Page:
My go-to place for freshly made XLB (xiao long bao) soup
dumplings in Asia. Founded in Taiwan in the 50s, the dumplings are
made on-site and the whole menu is reasonably priced.

Mak’s Noodles

Noodle specialists since the 60s, these guys have been
consistently serving up some of Hong Kong’s best wonton noodles
(the noodles are extra thin and springy here).

Ho Hung Kee

Probably my favourite place to go for a nourishing bowl of
congee (rice porridge) wonton noodles and ho fun (stir-fried rice
noodles) – it’s also the first wonton-noodle restaurant to be
awarded a Michelin star.

Eat with the locals

Tsui Wah

A classic ‘Cha Chaan Teng’ (literally translating to tea
restaurant) – the most famous branch is on Wellington Street and
open through to the early hours of the morning. Go there for the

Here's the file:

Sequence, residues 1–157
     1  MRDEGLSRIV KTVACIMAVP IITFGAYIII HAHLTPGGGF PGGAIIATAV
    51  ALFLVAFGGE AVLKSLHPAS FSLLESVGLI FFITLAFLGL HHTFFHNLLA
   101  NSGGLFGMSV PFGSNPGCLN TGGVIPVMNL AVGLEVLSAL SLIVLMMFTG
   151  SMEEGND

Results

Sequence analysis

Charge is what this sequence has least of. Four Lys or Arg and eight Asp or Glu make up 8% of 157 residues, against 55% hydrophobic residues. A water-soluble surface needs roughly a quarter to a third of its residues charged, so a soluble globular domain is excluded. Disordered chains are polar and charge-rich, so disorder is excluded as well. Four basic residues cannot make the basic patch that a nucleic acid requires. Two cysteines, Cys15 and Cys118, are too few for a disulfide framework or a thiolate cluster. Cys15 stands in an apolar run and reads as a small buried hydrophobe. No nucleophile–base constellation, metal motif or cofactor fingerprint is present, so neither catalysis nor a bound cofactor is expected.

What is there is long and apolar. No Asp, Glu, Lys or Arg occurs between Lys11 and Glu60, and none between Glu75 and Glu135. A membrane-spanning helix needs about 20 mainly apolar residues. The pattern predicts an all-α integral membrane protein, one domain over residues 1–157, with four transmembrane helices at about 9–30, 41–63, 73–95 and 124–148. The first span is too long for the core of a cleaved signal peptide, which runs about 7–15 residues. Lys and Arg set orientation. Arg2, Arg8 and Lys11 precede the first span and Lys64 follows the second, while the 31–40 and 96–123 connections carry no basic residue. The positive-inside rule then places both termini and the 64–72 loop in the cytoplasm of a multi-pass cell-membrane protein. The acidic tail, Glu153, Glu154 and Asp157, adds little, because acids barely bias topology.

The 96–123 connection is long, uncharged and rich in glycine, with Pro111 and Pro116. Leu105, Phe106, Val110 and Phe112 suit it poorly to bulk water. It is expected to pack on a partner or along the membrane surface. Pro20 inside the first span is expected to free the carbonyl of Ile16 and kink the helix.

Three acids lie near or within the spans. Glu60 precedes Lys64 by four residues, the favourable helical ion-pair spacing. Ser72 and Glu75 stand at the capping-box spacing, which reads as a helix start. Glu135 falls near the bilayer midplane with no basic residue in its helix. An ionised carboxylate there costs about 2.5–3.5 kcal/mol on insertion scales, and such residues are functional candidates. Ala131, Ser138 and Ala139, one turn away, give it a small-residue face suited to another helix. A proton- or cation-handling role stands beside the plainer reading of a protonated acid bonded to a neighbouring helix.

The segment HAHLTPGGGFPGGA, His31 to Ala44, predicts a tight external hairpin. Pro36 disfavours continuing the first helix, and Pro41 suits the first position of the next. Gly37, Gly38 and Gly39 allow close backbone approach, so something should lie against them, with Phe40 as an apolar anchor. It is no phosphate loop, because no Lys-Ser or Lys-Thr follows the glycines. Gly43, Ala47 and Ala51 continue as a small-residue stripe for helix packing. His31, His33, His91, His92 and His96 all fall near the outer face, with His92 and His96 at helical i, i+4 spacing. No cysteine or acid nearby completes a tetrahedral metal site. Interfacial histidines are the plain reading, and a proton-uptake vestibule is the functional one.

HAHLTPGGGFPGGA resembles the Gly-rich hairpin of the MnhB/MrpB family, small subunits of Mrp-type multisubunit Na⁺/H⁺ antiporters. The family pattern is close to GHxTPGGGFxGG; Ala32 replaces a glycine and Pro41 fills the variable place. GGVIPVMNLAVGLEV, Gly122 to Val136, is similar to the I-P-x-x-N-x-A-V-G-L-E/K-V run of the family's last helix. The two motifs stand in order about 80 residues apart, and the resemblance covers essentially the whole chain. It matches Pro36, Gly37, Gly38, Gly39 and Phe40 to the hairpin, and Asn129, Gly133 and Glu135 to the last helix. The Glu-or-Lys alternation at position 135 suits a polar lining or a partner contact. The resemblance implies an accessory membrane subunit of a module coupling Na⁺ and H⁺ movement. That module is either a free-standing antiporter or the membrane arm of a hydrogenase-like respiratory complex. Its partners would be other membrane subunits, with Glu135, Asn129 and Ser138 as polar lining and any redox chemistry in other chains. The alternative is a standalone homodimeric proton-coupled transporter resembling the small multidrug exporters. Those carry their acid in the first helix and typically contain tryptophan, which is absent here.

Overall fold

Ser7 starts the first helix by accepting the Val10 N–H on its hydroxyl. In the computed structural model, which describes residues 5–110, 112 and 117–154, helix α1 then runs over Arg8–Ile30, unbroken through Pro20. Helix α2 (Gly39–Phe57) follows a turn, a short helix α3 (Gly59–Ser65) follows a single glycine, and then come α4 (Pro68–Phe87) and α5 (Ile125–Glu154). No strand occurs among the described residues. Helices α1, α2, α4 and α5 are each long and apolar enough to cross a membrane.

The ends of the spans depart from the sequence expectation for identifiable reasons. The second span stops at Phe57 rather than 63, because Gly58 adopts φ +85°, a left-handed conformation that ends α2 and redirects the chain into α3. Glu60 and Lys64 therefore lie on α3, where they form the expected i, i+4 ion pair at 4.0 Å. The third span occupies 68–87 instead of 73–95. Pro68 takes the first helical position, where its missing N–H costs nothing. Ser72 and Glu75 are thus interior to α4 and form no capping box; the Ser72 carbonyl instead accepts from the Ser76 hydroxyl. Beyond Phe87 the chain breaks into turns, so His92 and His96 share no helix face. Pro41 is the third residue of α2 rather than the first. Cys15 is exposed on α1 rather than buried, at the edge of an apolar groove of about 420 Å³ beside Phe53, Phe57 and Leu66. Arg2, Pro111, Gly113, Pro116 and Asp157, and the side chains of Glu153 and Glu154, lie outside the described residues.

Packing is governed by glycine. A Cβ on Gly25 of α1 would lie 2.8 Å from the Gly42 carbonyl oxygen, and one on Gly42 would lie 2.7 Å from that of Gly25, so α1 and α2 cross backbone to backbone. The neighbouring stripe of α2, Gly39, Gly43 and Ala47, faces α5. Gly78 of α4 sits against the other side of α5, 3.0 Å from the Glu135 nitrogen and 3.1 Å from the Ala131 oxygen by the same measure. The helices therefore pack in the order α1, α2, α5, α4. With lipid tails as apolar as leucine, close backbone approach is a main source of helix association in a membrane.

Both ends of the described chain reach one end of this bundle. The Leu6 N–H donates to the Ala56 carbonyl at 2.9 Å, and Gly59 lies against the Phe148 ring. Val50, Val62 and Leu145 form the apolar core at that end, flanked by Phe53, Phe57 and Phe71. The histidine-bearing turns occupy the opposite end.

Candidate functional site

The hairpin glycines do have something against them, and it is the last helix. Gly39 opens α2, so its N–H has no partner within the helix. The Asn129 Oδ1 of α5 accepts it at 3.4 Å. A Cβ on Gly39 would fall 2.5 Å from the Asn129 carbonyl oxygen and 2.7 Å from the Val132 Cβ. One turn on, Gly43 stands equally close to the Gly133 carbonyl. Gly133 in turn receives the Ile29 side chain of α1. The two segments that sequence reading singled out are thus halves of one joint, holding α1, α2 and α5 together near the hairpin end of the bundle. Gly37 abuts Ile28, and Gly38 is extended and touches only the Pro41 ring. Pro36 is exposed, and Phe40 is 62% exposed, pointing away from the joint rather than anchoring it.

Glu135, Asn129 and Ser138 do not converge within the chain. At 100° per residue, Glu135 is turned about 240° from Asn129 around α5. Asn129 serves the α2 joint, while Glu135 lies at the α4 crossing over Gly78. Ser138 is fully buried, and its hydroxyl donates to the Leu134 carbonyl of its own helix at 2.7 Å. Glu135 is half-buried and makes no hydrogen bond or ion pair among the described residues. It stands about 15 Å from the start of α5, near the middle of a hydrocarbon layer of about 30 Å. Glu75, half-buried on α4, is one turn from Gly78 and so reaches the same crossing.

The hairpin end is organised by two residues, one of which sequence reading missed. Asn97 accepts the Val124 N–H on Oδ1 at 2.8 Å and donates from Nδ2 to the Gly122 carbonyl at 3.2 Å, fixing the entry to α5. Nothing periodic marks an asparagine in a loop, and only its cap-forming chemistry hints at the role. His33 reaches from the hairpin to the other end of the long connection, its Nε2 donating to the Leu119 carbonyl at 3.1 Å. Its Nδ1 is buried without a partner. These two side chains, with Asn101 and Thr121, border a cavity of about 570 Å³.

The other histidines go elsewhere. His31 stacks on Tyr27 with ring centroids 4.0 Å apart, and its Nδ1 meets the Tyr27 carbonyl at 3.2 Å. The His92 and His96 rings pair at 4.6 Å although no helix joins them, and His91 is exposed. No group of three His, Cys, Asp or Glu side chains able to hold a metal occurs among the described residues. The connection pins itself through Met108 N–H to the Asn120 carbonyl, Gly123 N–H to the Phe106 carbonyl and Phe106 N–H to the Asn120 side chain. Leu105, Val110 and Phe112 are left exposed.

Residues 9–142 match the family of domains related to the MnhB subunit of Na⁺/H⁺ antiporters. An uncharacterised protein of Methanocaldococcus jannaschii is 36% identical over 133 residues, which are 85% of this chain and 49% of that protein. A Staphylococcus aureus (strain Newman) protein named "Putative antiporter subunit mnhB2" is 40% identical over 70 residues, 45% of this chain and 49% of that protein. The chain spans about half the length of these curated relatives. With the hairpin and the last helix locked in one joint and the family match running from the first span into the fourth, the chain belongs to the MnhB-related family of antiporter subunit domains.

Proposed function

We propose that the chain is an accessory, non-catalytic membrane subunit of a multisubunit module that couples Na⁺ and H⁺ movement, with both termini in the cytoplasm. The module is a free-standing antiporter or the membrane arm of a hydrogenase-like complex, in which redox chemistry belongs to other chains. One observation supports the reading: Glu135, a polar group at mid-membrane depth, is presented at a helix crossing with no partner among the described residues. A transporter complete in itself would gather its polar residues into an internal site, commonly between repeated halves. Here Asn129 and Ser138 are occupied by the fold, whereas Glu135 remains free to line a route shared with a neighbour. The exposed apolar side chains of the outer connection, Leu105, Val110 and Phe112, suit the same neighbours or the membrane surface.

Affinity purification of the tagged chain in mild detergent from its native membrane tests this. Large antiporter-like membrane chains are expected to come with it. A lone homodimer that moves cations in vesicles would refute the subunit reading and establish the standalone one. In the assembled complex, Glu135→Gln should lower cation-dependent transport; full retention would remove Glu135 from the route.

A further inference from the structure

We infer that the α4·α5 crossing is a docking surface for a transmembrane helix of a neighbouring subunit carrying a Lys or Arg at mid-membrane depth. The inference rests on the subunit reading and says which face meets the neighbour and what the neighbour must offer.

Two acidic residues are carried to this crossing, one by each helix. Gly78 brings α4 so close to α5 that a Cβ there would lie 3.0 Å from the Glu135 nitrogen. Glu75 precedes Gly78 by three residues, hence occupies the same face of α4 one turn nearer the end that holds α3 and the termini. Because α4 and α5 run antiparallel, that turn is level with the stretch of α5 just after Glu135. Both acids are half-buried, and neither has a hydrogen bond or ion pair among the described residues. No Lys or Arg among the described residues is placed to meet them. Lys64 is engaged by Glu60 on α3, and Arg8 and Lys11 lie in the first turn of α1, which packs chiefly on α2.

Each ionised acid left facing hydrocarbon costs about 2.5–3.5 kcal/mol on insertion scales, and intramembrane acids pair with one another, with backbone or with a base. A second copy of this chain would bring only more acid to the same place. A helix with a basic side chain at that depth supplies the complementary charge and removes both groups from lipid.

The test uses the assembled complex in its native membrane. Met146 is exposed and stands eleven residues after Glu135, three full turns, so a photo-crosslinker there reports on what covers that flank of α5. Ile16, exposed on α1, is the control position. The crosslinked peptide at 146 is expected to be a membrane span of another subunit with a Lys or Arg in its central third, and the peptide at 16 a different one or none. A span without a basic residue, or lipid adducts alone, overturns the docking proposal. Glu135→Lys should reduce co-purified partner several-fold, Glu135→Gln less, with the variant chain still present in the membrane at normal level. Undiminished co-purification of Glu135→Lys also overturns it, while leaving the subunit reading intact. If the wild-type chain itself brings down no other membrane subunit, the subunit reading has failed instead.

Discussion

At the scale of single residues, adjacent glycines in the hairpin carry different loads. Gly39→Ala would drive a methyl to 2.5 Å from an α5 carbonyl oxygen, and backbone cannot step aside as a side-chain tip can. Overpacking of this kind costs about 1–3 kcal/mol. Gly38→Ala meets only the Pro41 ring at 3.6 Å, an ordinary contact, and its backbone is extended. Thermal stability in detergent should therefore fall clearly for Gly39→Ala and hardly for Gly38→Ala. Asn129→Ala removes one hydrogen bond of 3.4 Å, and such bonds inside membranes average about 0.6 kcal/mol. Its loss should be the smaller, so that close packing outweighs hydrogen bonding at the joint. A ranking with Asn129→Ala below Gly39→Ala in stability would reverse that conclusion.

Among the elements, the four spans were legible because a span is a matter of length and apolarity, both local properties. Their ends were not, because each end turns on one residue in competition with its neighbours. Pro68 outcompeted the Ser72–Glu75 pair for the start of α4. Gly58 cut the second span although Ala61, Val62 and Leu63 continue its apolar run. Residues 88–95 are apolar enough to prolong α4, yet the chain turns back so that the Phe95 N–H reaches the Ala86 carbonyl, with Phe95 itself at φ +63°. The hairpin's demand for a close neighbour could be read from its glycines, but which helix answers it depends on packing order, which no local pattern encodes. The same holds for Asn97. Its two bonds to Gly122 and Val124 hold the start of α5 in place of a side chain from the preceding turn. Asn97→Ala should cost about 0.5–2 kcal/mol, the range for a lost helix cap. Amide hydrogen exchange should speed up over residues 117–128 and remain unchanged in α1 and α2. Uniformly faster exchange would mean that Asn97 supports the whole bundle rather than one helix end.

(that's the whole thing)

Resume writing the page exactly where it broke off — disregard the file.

deep-fried french toast and fried pork chop buns, washed down with
a glass of Hong Kong-style milk tea (served hot or cold).

Tung Po

A lively ‘dai pai dong’ (street food stall) made famous by
Anthony Bourdain. Go there for the beer (served in porcelain bowls)
fresh seafood and deep-fried salt and pepper pork ribs.

Shanghai Hong Kong Noodle Shop

Join the queue for the freshly made soya milk (served hot or
cold and sweet or savoury) and the sticky rice rolls (filled with
deep-fried dough, pickles and pork floss). If you’re still hungry,
head across the road to the various street food vendors for some
traditional clay pot rice (cooked to order and extremely delicious)
or spicy curry fish balls served on a stick

Roasted, Barbequed and Grilled